Knox named WISE Instructor of the Year

Emily Knox
Emily Knox, Associate Professor and Director of Graduate Programs

GSLIS Assistant Professor Emily Knox has been named a 2015 Instructor of the Year by the Web-based Information Science Education (WISE) Consortium. Knox was nominated by students for her excellent instruction in the Fall 2015 course, Intellectual Freedom and Censorship (LIS590FRL), which was initially developed by Knox in partnership with the Freedom to Read Foundation and with support from that organization’s Judith F. Krug Memorial Fund.

“It’s an honor to receive this award, and I’d like to thank the students who nominated me,” said Knox. “There are a lot of moving parts to the class, and it would be quite difficult to do it alone, so I’d also like to thank Joyce Hagen-McIntosh of the Freedom to Read Foundation for her help with contacting guest speakers and finding supplemental materials for the course. I’m looking forward to teaching intellectual freedom again in the fall.”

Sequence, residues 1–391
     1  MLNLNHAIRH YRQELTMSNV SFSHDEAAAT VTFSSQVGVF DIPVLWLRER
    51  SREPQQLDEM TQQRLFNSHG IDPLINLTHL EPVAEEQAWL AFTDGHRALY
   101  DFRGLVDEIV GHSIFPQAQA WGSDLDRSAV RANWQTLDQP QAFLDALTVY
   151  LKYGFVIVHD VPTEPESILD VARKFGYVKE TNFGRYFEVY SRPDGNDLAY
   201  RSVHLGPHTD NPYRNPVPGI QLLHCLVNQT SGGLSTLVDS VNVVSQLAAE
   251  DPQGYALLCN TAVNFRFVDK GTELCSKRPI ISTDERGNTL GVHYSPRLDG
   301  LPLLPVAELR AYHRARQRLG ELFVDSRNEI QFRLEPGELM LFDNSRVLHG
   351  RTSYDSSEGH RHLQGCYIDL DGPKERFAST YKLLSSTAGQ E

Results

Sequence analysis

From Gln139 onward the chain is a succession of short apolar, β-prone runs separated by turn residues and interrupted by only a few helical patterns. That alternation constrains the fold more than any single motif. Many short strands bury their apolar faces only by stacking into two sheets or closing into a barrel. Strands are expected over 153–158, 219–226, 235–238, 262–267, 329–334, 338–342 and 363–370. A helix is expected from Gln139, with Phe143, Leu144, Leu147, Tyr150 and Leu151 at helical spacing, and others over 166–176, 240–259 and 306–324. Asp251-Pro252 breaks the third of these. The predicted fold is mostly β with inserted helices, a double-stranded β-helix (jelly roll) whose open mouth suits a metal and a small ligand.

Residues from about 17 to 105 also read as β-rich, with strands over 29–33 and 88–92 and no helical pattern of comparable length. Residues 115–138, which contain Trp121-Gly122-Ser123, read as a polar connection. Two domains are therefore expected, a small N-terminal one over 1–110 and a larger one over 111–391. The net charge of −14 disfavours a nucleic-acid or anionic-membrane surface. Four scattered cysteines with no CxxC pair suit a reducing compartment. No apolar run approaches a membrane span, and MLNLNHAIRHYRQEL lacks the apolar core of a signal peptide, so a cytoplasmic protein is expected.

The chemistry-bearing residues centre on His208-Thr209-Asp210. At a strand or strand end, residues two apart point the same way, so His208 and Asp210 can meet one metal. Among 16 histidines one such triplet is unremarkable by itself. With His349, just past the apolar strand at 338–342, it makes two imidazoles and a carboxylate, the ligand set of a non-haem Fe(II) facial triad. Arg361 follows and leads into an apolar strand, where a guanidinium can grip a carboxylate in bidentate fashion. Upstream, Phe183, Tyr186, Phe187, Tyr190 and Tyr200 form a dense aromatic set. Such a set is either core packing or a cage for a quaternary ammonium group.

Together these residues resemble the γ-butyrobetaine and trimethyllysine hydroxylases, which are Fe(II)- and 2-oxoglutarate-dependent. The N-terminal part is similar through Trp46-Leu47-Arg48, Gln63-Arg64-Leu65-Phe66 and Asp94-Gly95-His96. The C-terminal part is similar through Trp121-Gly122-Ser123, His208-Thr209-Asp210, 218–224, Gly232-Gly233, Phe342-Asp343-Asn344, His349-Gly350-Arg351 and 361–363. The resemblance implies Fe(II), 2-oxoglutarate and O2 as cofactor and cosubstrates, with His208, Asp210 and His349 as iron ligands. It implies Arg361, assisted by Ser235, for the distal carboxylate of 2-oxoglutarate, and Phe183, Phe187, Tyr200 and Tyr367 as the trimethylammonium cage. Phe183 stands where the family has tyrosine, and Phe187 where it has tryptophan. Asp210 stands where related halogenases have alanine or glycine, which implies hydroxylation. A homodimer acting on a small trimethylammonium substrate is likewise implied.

Knox joined the GSLIS faculty in 2012. Her research interests include intellectual freedom and censorship, the intersection of print culture and reading practices, and information ethics and policy. Her book, Book Banning in 21st Century America, addressing challenges to materials in public libraries and schools, was published by Rowman & Littlefield in January 2015.

Knox received her PhD from the doctoral program at the Rutgers University School of Communication & Information. Her master’s in library and information science is from GSLIS. She also holds a BA in religious studies from Smith College and an AM in the same field from The University of Chicago Divinity School.

Cofounded by GSLIS Professor and Associate Dean for Academic Programs Linda Smith, WISE is a partnership between seventeen schools with the shared goal of providing a collaborative, cost-effective distance education model that will increase the quality, access, and diversity of online education opportunities in library and information science. Member institutions use advanced technology as a means to enrich LIS education and foster relationships among students, faculty, and universities through course sharing.

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